Login to MyKarger

New to MyKarger? Click here to sign up.

Login with Facebook

Forgot Password? Reset your password

Authors, Editors, Reviewers

For Manuscript Submission, Check or Review Login please go to Submission Websites List.

Submission Websites List

Institutional Login (Shibboleth)

For the academic login, please select your country in the dropdown list. You will be redirected to verify your credentials.

Table of Contents
Vol. 25, No. 2, 2005
Issue release date: July 2005
Section title: Original Paper
Neuroepidemiology 2005;25:69–74
(DOI:10.1159/000086286)

Association between Impaired Insulin Sensitivity and Stroke

Bravata D.M.a, b, d · Wells C.K.a, d · Kernan W.N.d · Concato J.a, b, d · Brass L.M.c, e · Gulanski B.I.b, d
aClinical Epidemiology Research Center (CERC), bMedicine Service, and cNeurology Service, VA Connecticut Healthcare System, West Haven, Conn., dDepartment of Internal Medicine, and eDepartment of Neurology, Yale University School of Medicine, New Haven, Conn., USA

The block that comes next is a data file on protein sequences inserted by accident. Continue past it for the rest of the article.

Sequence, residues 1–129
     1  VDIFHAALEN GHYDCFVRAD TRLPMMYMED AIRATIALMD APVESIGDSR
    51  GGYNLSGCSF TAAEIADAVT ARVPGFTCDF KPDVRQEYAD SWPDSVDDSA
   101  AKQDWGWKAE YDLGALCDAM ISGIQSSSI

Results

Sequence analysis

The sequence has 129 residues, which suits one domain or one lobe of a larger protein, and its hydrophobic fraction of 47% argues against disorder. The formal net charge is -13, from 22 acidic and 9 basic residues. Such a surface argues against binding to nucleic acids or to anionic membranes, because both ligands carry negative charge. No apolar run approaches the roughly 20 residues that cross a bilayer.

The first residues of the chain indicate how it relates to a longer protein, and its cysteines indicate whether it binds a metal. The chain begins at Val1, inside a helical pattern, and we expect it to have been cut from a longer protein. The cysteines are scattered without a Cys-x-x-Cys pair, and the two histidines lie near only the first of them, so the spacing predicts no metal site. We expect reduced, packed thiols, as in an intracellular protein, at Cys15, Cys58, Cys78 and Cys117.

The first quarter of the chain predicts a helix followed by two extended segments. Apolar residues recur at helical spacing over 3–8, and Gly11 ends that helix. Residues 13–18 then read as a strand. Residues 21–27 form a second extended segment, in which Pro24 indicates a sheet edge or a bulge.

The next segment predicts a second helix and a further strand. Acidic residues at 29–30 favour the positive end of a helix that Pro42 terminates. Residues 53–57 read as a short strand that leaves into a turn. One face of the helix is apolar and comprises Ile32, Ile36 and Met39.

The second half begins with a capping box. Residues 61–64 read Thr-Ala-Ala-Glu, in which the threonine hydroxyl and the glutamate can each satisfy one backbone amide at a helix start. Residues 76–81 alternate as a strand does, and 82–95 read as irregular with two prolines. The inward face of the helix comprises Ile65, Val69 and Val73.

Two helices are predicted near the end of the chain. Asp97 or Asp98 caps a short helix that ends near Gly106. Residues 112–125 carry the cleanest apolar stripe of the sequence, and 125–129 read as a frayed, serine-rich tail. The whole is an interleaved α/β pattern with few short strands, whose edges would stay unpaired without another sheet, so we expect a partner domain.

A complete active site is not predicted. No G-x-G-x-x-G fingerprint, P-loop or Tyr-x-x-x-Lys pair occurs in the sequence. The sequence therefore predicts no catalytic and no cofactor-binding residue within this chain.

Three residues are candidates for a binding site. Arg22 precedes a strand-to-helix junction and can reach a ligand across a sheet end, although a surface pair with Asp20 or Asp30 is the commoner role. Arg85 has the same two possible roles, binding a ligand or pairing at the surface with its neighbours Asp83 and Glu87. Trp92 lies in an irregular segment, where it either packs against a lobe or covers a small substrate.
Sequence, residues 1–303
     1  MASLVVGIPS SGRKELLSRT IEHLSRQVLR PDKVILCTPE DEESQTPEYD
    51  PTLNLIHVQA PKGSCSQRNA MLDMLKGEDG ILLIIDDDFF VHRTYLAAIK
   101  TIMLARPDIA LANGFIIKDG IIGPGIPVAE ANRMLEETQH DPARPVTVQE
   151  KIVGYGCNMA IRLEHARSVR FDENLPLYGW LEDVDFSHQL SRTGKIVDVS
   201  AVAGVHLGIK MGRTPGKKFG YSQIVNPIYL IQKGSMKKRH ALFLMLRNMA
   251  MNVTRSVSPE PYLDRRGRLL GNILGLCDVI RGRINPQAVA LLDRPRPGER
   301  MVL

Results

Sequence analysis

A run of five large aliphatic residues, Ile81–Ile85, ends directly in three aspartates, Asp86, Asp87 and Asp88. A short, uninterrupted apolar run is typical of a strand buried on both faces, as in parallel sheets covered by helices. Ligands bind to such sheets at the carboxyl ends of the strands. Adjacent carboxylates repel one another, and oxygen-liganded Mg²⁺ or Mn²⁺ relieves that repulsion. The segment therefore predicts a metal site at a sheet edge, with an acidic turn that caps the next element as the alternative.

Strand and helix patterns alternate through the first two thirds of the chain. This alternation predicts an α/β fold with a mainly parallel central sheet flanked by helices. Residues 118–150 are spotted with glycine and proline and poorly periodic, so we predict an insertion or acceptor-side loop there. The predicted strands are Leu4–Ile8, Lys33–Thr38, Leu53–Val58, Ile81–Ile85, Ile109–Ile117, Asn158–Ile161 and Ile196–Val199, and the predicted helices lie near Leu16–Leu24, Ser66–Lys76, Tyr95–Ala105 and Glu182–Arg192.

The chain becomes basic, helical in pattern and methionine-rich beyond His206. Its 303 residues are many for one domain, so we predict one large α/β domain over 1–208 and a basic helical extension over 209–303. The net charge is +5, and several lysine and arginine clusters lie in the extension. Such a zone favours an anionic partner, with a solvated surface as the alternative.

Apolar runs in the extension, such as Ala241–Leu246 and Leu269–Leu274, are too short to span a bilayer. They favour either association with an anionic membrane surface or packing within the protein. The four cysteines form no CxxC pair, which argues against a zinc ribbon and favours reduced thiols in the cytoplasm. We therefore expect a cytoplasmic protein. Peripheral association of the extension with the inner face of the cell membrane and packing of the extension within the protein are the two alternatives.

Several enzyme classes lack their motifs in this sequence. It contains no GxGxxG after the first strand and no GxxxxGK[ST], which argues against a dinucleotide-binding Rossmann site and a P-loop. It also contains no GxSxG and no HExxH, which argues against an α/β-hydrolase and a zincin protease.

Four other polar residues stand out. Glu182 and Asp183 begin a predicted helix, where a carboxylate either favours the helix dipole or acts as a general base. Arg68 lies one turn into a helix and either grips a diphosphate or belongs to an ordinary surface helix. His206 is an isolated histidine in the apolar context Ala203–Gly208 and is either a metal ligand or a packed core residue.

Do you have an account?

Login Information





Contact Information










I have read the Karger Terms and Conditions and agree.



Login Information





Contact Information










I have read the Karger Terms and Conditions and agree.



To view the fulltext, please log in

To view the pdf, please log in

Buy

  • FullText & PDF
  • Unlimited re-access via MyKarger
  • Unrestricted printing, no saving restrictions for personal use
read more

CHF 38.00 *
EUR 35.00 *
USD 39.00 *

Select

KAB

Buy a Karger Article Bundle (KAB) and profit from a discount!

If you would like to redeem your KAB credit, please log in.


Save over 20% compared to the individual article price.
Learn more

Rent/Cloud

  • Rent for 48h to view
  • Buy Cloud Access for unlimited viewing via different devices
  • Synchronizing in the ReadCube Cloud
  • Printing and saving restrictions apply

Rental: USD 8.50
Cloud: USD 20.00


Select

Subscribe

  • Access to all articles of the subscribed year(s) guaranteed for 5 years
  • Unlimited re-access via Subscriber Login or MyKarger
  • Unrestricted printing, no saving restrictions for personal use
read more

Subcription rates


Select

* The final prices may differ from the prices shown due to specifics of VAT rules.

Article / Publication Details

First-Page Preview
Abstract of Original Paper

Published online: July 15, 2005
Issue release date: July 2005

Number of Print Pages: 6
Number of Figures: 0
Number of Tables: 3

ISSN: 0251-5350 (Print)
eISSN: 1423-0208 (Online)

For additional information: http://www.karger.com/NED

Abstract